Not to gross you out, but your belly button is crawling with bacteria — billions of them, in all shapes, sizes and appetites.
That’s a good thing, a group of North Carolina researchers says after studying more than 500 belly-button swabs, some from their own navels.
Most of the tiny critters in that “jungle of microbial diversity” are harmless, the researchers say, and lots of them actually kill off their disease-causing cousins.
Not just numerous, they also are diverse: 2,368 different types identified so far, with everybody’s belly button carrying a different cast of characters.
Those are among findings of the Belly Button Biodiversity Project, an effort by researchers at North Carolina State University and the North Carolina Museum of Natural Sciences, both in Raleigh.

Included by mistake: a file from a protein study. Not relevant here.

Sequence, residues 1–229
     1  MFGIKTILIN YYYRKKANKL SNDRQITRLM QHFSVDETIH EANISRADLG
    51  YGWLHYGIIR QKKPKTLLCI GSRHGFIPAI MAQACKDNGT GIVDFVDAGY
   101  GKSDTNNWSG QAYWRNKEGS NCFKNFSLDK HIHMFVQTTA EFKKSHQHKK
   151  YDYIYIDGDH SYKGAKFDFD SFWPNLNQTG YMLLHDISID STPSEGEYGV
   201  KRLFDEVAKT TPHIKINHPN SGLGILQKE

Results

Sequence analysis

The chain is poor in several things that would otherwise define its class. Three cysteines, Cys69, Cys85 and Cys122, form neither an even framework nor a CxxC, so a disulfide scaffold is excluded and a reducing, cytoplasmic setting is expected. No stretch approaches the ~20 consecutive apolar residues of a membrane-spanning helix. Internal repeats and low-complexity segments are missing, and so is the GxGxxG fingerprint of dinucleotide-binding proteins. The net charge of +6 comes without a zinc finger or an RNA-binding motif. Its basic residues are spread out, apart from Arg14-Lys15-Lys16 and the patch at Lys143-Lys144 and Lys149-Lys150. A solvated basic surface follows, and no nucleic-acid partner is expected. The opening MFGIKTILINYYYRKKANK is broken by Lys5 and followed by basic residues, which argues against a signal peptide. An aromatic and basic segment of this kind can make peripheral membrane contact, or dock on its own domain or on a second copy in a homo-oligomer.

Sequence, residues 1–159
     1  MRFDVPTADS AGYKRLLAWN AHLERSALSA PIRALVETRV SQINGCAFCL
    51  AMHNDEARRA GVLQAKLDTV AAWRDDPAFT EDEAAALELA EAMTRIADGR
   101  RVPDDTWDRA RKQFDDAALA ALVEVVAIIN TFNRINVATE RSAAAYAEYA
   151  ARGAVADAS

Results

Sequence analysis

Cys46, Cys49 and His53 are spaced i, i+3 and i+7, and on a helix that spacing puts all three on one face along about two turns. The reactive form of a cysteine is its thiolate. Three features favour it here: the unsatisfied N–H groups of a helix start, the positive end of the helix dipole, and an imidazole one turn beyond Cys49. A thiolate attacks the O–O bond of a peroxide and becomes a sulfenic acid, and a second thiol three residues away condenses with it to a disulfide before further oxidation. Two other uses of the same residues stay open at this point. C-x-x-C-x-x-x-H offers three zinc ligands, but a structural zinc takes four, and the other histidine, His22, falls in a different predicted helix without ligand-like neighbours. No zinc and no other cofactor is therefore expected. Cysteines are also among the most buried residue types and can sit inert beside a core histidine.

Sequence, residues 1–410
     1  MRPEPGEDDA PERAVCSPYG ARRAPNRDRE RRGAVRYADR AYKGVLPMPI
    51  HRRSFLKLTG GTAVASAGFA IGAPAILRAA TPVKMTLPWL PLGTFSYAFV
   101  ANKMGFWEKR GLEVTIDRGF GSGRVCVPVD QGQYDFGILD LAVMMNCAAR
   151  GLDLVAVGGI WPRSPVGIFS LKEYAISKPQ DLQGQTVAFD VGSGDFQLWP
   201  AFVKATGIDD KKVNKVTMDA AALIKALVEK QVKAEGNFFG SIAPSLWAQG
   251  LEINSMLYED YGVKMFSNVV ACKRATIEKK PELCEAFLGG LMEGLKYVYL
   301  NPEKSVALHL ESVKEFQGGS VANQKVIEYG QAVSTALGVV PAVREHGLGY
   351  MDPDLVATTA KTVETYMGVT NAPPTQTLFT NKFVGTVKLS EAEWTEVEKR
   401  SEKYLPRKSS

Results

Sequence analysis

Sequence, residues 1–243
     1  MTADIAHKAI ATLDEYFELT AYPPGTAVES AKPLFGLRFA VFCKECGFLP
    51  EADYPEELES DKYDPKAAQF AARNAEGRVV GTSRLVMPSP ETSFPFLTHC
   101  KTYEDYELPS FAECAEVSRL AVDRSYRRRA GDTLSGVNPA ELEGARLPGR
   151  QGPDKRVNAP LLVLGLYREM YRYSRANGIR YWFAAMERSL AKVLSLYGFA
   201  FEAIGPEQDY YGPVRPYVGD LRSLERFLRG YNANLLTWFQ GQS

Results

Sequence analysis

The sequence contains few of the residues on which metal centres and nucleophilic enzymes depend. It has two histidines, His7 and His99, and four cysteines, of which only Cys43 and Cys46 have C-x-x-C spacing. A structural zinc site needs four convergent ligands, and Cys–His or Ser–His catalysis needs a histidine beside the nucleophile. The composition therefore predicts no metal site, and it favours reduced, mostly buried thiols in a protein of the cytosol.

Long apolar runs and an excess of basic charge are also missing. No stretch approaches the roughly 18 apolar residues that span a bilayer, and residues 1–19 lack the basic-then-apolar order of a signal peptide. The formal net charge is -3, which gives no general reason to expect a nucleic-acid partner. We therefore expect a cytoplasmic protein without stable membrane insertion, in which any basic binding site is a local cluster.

Magnified mug shots of the bacteria are posted on the project’s website, wildlifeof yourbody.org — along with an article detailing the likely critters crawling on pop superstar Lady Gaga.
“Your belly button is a great place to grow up if you’re a bacterium,” said cardiologist Dr. Tom Kottke at Regions Hospital in St. Paul. “It’s warm, dark and moist — a perfect home.”
Too many people think all bacteria are bad, said lead researcher Jiri Hulcr. The Belly Button Project is out to “educate the public about the role bacteria play in our world. Bacteria are always present on our skin and in our bodies.”
They live in and on every square inch of you, and for the most part it’s a win-win relationship — just you and 100 trillion very close friends, about 10 times the number of cells that make up your body.
The one-celled creatures — so tiny that you’d have to stack up 25,000 or so to equal an inch.